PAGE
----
Feedback Loop Equations
How does a feedback loop control system really work? Since it appears that every signal depends on every other stage in the loop, how do you compute the overall gain?
We'll continue this discussion of feedback loop stability. First we'll look at the loop equations that describe any such system, and then talk about transfer functions.
This information is really much better explained in "Feedback Loop Stability Analysis" by Walter Friauf, McGraw Hill, (c) 1998, ISBN 0-07-022844.
This diagram shows the basic model for any feedback control system. It shows the four elements in an abstract manner.
Signal flow is clockwise around the loop. Arrows indicating direction are shown, although they are usually used only at the summing junction, or comparator, which is the circle with the X in it. The inputs (two in this case but there can be any number) have + or - signs to indicate whether each input is added or subtracted. With two inputs and the polarities shown, the summing junction is simply subtracting one signal from the other, in effect performing the comparison that is one of the functions needed for every feedback loop.
The input is labeled R for reference which, in this design, is the ambient light measured by a photodetector in units of volts. The output is C for controlled variable, which is the position measured in millimeters from the center position of the photodetector. The output of the summing junction is E for error signal. Photodetector B converts position into voltage, and the letter B also represents the sensitivity of the detector in units of volts/mm. Block A represents all the stages that process the error signal and drive the lifting coil.
From the equations in the diagram above, we eliminate E, since it is an internal parameter. Solving for the overall gain of the system, we get:
The second form, with 1/B factored out, looks a bit more complicated but is actually more convenient for most purposes, since C/R will be almost exactly 1/B for all useful feedback loops. The reason is that AB will usually be much greater than one, making the other factor in the second form almost unity.
The overall gain, C/R, is called the closed loop gain since it is the gain from input to output with the loop closed and operating. It is the only gain of any final interest. This gain represents how much the input (reference) signal is amplified at the output.
The real loop gain is the product of all the gains around the loop, AB, and is referred to as the open loop gain. This gain could be measured (theoretically!) by opening the loop anywhere, inserting a small test signal, measuring the signal that appears on the other end of the break, and calculating the ratio.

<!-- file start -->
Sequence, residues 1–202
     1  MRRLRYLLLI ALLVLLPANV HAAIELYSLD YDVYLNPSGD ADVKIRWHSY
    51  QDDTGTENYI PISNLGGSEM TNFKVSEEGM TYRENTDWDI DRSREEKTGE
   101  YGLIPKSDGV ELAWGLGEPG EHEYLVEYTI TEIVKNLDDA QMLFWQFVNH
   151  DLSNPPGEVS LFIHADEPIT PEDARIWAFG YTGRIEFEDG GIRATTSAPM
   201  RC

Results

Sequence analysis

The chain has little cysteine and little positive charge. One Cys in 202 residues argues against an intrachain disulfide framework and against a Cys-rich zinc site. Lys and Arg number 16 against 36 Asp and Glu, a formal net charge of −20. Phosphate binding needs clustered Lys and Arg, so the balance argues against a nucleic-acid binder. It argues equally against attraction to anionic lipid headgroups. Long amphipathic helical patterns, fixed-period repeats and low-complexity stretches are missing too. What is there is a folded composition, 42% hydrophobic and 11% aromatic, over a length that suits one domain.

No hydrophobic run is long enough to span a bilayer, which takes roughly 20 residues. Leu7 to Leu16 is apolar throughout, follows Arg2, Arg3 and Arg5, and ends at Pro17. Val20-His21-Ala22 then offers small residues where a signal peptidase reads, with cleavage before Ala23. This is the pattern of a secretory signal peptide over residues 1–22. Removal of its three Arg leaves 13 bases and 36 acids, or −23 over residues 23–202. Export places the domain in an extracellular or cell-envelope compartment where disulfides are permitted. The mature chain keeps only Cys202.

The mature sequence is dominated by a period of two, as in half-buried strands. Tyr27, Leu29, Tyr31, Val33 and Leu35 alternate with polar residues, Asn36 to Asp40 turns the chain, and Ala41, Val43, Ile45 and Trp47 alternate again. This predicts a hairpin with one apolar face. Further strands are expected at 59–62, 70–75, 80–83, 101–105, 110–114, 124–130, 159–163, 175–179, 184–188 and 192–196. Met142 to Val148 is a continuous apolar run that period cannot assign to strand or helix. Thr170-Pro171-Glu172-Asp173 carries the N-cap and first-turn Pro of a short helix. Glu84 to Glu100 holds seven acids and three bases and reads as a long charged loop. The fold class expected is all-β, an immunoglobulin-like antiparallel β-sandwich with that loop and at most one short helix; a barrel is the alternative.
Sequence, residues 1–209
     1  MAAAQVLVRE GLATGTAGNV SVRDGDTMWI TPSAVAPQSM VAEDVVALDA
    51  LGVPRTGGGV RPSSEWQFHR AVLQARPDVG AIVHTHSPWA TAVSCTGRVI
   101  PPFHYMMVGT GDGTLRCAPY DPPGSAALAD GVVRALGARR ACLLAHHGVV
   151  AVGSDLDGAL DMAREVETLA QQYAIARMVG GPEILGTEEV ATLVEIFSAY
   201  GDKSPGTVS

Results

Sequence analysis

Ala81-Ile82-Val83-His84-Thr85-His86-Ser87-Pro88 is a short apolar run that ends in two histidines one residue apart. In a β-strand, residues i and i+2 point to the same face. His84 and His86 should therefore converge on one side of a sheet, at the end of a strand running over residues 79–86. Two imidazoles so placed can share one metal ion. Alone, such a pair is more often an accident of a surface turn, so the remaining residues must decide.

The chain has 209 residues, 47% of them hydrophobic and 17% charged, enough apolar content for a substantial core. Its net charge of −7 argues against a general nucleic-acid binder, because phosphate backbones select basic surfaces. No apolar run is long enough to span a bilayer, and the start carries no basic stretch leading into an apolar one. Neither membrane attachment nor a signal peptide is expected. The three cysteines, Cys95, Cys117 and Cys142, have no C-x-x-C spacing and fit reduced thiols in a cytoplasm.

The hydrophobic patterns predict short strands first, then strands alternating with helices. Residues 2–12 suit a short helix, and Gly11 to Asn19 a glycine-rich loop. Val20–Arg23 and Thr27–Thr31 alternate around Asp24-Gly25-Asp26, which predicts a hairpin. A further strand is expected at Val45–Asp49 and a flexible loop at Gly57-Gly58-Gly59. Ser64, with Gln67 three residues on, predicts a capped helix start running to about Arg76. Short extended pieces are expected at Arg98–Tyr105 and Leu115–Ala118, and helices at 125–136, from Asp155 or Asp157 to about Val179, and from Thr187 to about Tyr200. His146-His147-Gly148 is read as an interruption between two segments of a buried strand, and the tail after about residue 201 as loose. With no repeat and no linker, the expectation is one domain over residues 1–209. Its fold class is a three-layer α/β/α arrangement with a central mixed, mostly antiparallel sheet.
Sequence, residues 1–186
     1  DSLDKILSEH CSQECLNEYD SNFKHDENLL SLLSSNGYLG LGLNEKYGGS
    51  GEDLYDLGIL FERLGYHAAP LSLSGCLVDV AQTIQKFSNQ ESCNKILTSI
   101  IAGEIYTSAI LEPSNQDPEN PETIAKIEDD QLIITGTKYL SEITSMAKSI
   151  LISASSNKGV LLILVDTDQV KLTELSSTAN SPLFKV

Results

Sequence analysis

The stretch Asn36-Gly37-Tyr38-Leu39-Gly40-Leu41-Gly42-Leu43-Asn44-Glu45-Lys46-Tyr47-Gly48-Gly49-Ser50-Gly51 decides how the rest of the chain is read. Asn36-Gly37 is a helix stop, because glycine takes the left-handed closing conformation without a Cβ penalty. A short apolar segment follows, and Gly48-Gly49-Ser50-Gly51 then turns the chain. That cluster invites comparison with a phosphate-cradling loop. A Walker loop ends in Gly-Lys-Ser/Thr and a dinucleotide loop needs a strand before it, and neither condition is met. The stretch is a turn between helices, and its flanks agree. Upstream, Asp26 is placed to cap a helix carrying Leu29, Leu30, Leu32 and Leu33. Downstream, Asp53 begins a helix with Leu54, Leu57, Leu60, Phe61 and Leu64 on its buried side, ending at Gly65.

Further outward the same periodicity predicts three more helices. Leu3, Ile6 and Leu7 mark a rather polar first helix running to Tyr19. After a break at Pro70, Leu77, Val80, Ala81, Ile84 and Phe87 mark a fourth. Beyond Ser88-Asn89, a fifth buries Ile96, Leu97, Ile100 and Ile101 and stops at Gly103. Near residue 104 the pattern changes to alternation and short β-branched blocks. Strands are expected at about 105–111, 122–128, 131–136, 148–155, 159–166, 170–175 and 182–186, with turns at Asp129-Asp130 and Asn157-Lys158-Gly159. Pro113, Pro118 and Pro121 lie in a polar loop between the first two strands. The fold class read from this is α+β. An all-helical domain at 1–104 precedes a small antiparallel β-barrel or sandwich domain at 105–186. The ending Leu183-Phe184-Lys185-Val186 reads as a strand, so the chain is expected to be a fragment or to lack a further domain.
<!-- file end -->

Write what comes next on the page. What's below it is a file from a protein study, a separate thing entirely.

Despite the simplicity of this equation, it completely describes the behavior of all feedback loop control systems in the world. The transfer functions A and B are arbitrary. These two blocks represent all the signal processing in the forward and reverse directions, and may be fantastically complicated. They may (and usually do!) have frequency-dependent elements and even nonlinear parts. This equation covers them all. The designer's big challenge is to characterize their particular circuit design into these two transfer functions.
The characteristics of loop components can be described either by mathematical expressions, called transfer functions, or by graphs. Transfer function is a fancy name for gain.
In the simplest situation the gain of a network or component is just a number that the input is multiplied by to give the output. For example, a two-resistor voltage divider network. Since a voltage divider attentuates a signal, instead of amplifying it, the gain is less than unity, which means that if it is given in decibels, it is negative. This transfer function is Vout/Vin = R2 / (R1 + R2).
If several components are connected in series, the individual gains are multiplied together to give the overall gain. For example, if two such resistor networks are cascaded together, with buffering to prevent loading effects, the overall gain (attentuation) would be the product of the individual network gains.
For a voltage divider, multiplying the input by the gain will give the output, regardless of the nature of the input. Whether the input is a dc value, sine wave, square wave, or a transient, the output is always the same fraction of the input at every instant. The reason for this simplicity in the case of a voltage divider is that no energy can be stored, so there is no time dependency between the input and output.
When energy storage elements are present, the output at any instant depends on the current value of the input, and also to some degree on previous values. Further, the way previous values affect the output depends on the waveform of the input. For example, the position of the object being lifted depends on its position an instant earlier, along with its previous speed and forces of gravity versus the lifting coil.
Last Update 2008-06-08
©1998-2017 Barry Hansen